Oscilating between art and design, my work looks at actual, possible and desirable relationships between humans and computers through its fundamentals: user- friendliness, interfaces, user-generated data and technological literacy. These are not stand-alone topics - they relate to bigger and more complex matters, such as work, privacy, culture, socio-economic structures, environmental issues and citizenship. As humans' relationship with computers is primarily (and historically) based on the notion of labour mitigation, effort is a common element in my practice.
In my work I try to involve a broad audience, which makes me search for different strategies, supports and contexts. A recurrent method, though, is the modification of one single aspect of one element in a 'scene' - be it structural, aesthetic or functional. While remaining within a frame that is familiar to the user, the original (modified) aspect is highlighted by contrast. It is an attempt to approach complex matters - social issues within a dialectical perspective - in a form which is aesthetically accessible to many.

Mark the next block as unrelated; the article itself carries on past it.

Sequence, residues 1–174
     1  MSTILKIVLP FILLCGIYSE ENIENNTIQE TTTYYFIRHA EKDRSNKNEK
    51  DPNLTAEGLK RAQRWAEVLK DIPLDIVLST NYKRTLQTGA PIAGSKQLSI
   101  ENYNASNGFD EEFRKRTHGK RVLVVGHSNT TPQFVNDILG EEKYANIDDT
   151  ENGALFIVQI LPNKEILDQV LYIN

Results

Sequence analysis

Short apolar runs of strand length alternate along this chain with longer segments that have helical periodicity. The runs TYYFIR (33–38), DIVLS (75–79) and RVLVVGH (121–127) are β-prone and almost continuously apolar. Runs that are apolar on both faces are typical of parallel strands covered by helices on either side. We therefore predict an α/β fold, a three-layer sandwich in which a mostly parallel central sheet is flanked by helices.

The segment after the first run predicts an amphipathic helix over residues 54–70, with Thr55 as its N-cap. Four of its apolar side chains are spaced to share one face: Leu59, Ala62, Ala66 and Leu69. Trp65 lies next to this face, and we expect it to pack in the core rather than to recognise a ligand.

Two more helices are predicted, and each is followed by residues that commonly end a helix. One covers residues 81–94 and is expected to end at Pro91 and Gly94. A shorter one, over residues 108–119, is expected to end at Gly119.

One important aspect in my work is the desire to question the usual conception of the term 'user-friendliness'. Described by the Oxford Learner's Dictionary as 'the quality of being easy for people who are not experts to use or understand', the term acquires a radical meaning if 'or' is substituted with 'and'. In Let me Think I attempt to deconstruct the traditional interpretation of user-friendliness by intercepting the button-click that places the order into the shopping cart, in Amazon websites.
The economic relevance of user-generated data is a topic I explored in AddWords, a performance and application based on Google's ad system, made for an evening of lectures about the Gig Economy. Resembling stock market displays - fed with manual transcriptions of the lectures during the evening and processed by Google Ad system - the project illustrates the current financial - and power - circuit comprising data, money, digital infrastructure and work.
In order to comment on work automation, labour versus leisure, creative professions and authenticity - all intrinsically related - I created Excelfie - Derivation #1. Trying to claim back part of what has been transferred to computers from us, humans, I combine digital culture and social media (here represented by the selfie), algorithmic analysis and workflow automation to perform the role of a human printer. The production process is slow and error-prone but the resulting selfies are nevertheless extremely popular.
I am interested in exploring metaphors and designing interactions that require co- participation. Intelligible content and active interaction with a broad audience are central elements in my practice - as topic, method and goal.